Scientists and researchers involved in the GRDC’s Soil Biology Initiative will come together in Perth, Western Australia, next week (May 27 and 28) to discuss the advances they have achieved and expected future research outcomes.

 Principal research scientist and Soil Biology Initiative co-ordinator, Associate Professor Pauline Mele, says theworkshop in Perth will provide a snapshot of the insights already gained through the world-leading research, development and extension program.

 “The workshop will also be an opportunity to consider the findings to date so we can develop clear and consistent messages that are of relevance and use to grain producers,” Assoc Prof Mele said. “It is important that we take what we now know out to the farming community so growers can gain a better understanding of how soils respond to management practices.”

 Until recent times, little has been known about the composition of the living fraction of soils which support crop production across the nation, according to Assoc Prof Mele.

 “Our living soils are the engine room of grain production systems so it is essential that we have a greater appreciation of what they’re made of and how they function, and we use that knowledge to harness the biological potential of our soils in improving crop yields.”

For further details, or go to www.grdc.com.au/media-news

 

May 20

Rules of thumb for nitrogen management in crops

Posted by Cindy Cassidy at Monday, May 20, 2013

Interaction between soil moisture and nitrogen (N) levels plays a major role in determining wheat yield, according to a crop nutrition expert.

Dr Glenn McDonald, Associate Professor at the University of Adelaide’s School of Agriculture, Food and Wine, says having an understanding of the soil’s moisture holding capacity and information about changes in plant-available soil water during the growing season are important aspects of N management.

 “The supplies of water and N are the major drivers of growth and yield of crops, and the two interact to determine crop yield,” said Dr McDonald, when addressing a Grains Research and Development Corporation (GRDC) grains research Update in Adelaide (SA) on nitrogen application “rules of thumb”.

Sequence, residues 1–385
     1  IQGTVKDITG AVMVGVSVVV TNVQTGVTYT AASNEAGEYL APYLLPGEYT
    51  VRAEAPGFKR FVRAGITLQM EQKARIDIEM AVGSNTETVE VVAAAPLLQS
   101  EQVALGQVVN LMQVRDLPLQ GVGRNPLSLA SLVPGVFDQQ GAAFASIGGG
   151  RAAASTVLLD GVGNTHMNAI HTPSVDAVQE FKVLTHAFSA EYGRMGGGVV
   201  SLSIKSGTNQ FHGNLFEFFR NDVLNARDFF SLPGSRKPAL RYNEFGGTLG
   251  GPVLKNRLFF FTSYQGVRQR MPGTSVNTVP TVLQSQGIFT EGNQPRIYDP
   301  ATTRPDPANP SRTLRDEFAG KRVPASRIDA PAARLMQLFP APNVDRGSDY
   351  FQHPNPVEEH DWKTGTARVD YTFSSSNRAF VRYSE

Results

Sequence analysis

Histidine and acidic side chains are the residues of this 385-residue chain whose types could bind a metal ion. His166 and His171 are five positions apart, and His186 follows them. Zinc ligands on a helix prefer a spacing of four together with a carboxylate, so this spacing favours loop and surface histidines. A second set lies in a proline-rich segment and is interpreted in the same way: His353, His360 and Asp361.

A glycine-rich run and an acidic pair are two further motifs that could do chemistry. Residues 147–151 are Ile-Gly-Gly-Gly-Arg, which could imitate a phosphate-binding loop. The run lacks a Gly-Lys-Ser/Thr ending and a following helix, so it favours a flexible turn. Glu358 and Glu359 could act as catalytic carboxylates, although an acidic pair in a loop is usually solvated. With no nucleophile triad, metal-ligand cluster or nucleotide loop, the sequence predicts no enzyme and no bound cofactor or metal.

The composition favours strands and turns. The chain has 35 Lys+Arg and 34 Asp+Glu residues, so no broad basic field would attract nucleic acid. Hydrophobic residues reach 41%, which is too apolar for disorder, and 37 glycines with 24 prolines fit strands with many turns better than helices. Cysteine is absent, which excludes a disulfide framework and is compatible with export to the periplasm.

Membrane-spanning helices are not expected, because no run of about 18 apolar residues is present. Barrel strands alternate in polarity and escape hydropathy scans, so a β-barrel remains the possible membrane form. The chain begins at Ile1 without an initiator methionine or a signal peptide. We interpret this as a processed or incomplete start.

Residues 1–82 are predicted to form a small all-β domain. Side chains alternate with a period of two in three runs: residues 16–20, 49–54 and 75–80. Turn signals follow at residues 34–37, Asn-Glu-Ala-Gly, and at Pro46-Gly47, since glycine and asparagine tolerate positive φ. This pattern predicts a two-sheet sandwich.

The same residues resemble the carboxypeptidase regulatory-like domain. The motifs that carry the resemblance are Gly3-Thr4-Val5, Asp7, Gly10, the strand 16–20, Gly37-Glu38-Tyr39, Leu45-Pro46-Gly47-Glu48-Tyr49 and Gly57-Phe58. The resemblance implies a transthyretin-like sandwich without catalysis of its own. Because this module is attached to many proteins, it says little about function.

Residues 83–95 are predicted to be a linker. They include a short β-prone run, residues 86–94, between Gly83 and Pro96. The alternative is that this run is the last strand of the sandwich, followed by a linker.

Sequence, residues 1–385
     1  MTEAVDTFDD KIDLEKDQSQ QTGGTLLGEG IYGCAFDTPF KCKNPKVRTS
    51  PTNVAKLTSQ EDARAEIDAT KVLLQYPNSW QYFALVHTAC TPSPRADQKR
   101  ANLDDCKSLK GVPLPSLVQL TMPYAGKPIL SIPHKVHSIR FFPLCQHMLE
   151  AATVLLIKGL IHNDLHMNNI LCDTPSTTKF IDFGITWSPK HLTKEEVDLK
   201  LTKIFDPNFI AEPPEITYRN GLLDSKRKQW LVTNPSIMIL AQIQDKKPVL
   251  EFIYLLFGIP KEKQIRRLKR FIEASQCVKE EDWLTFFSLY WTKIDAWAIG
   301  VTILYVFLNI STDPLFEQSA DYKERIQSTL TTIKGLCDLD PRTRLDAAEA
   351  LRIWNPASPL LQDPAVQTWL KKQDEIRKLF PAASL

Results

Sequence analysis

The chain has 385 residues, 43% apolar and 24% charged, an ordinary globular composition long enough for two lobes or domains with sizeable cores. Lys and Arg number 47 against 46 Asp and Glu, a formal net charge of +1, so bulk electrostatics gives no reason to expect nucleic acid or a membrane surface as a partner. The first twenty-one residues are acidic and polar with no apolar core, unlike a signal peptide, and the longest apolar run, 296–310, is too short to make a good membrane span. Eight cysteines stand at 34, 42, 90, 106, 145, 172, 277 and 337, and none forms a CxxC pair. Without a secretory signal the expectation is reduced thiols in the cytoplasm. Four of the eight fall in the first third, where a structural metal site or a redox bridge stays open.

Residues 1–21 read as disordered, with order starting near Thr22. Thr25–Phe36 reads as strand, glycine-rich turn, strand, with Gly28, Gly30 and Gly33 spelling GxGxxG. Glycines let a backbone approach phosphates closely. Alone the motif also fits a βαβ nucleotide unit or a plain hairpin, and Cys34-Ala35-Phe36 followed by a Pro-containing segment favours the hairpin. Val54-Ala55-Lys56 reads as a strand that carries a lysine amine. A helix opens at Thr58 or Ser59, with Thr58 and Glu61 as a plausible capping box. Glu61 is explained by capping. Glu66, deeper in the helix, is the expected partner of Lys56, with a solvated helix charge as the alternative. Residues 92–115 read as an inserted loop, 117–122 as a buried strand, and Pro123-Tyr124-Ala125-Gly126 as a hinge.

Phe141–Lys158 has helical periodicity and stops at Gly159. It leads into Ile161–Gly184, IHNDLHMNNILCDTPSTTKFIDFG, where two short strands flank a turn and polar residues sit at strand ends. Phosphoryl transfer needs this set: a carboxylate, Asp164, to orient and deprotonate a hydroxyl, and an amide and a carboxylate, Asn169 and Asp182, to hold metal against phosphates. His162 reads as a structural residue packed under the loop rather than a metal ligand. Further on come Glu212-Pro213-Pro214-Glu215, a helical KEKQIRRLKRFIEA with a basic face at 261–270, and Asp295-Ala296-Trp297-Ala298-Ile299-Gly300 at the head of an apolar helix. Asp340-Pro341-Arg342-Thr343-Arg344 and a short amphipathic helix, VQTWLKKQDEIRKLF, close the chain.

“While availability of moisture is recognised widely as an important factor limiting responses to N, it is also important to realise that lack of N can be an important limitation to soil water use and particularly use of subsoil moisture.”

While much of N management focuses on improving post-anthesis growth and grain filling, it is more than likely that the effects of N and its interaction with soil moisture are influencing yield earlier by affecting grain number as well as grain size, according to Dr McDonald.

He said applying N fertiliser at the optimum rate for the anticipated yield or applying it strategically during the growing season could improve yield and grain protein.

 “Applications of N up to mid-stem elongation build the foundation for yield and have relatively little effect on protein, while later applications of N can be used to maintain or increase protein, but have little or no effect on yield. Applying N between the flag leaf emergence and flowering stages of crop growth can result in greater increases in grain protein concentration.”

Dr McDonald said the demand for N was driven by crop growth rate and the pattern of N uptake would reflect the changes in growth rates during the growing season.

For further details go to www.grdc.com.au/media-news